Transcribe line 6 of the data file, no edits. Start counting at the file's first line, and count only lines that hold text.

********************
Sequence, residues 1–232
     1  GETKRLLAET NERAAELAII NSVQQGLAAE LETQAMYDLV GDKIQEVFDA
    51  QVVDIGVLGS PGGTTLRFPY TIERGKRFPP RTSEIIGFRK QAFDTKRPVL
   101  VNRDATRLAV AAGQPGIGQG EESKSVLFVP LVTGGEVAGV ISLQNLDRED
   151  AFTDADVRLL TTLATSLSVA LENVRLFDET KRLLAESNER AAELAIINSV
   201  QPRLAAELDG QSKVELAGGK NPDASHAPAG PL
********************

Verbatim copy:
   201  QPRLAAELDG QSKVELAGGK NPDASHAPAG PL